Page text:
Memorial Day misery as tornadoes and downpours are forecast


Millions of Americans are braced for a Memorial Day washout, with tornadoes and storms forecast from Colorado to Texas as dismal weather puts a dampener on the traditional start of the summer. 

Thunderstorms bringing rain and hail will hit much of the southern Plains on Monday, with downfalls of more than three inches possible in an area stretching from south-central Oklahoma to north-central Texas. 

The Big Bend is at the greater risk of destructive hail and tornadoes, according to the National Weather Service, which has issued an Enhanced Risk warning for severe thunderstorms on Monday. 

People visit the boardwalk as rain falls during Memorial Day weekend in Coney Island in New York Sunday, as forecasters predicted rain for much of the country throughout the three-day holiday weekend

Millions of Americans are braced for a Memorial Day washout, with tornadoes and storms forecast from Colorado to Texas (pictured is a rainy day in New York)

 Millions of Americans are braced for a Memorial Day washout, with tornadoes and storms forecast from Colorado to Texas (pictured is a rainy day in New York) 

Rain has already drenched much of the Northeast and Midwest, with parts of southwestern Kansas at risk of flash flooding. 

In Chicago, where Lake Michigan was supposed to be open to swimmers again for the first time since 2019, but many beaches had to be closed waves reached up to 11 feet high.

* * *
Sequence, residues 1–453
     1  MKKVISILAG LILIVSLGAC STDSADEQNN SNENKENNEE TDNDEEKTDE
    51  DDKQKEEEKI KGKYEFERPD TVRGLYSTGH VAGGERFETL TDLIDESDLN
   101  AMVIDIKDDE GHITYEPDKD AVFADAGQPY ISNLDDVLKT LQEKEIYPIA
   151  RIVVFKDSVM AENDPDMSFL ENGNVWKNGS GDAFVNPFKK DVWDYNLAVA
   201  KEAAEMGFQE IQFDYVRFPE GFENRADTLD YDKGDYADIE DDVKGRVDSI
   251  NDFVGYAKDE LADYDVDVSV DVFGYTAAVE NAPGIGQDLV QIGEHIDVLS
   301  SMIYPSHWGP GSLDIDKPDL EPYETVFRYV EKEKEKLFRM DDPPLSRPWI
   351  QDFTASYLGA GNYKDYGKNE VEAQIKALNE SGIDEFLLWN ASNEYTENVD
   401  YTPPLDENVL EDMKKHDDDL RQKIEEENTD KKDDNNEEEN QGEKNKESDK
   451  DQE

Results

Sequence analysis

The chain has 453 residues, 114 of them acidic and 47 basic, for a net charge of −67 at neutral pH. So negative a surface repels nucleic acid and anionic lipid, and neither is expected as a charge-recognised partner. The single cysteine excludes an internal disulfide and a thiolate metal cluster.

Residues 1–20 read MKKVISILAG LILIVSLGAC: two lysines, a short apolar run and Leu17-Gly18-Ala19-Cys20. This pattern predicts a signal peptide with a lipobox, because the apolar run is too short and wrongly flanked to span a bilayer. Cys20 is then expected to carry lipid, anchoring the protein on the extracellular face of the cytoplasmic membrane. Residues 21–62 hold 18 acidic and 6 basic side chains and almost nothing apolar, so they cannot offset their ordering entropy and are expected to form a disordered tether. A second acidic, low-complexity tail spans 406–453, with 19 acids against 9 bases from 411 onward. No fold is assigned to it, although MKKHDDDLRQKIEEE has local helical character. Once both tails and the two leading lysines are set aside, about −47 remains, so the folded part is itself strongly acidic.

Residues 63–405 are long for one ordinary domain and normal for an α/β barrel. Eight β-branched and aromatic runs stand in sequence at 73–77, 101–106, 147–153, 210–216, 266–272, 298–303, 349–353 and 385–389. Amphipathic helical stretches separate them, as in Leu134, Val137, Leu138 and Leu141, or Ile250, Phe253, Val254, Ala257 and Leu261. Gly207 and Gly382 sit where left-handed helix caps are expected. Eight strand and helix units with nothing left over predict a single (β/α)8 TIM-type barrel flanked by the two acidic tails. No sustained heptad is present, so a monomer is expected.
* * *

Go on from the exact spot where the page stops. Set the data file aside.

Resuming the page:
Northern New England and upstate New York are expected to be lashed by rain Sunday after previously enjoying dry and warn weather, with spotty showers also forecast for the Carolinas, the Gulf Coast, and southern Georgia.

Unseasonably low temperatures are expected Sunday in New England and Massachusetts, with temperatures 20 to 30 degrees below average. 

Highs are forecast to only reach the upper-50s as far south as Virginia. 

Fortunately, the low pressure system should begin to exit the Northeast on Memorial Day and lead to increasingly pleasant weather as we head into the beginning of June. 

Meanwhile, a building upper-level ridge over the western U.S. will likely lead to the hottest temperatures felt so far this year throughout the West. 

Excessive Heat Warnings and Heat Advisories have been issued for northern and central California, where triple digit high temperatures are forecast today and Monday. 

This is also likely to exacerbate the growing extreme and exceptional drought conditions found throughout the region.  

It comes as more than 40 million Americans are on the move, kicking off what has been described as the summer of ‘revenge travel’, with citizens planning to make up for lost time by hitting the road and taking to the skies.

Conditions were much better in Orlando, Florida, as millions of Americans were on the move for vacations and to visit family

Conditions were much better in Orlando, Florida, as millions of Americans were on the move for vacations and to visit family 

Those who remained in New York City’ Friday, however, were left cold and damp. On Coney Island, a few forlorn beachgoers were spotted braving the rain and low-hanging clouds in heavy coats on the famed boardwalk, where temperatures barely cracked 50 and gusty wind made it feel even colder.

Meanwhile, clouds and chilly temperatures hung over much of the Midwest, and hazardous conditions were forecast in the Great Plains, with rounds of thunderstorms stretching from eastern Colorado to West Texas predicted through Memorial Day.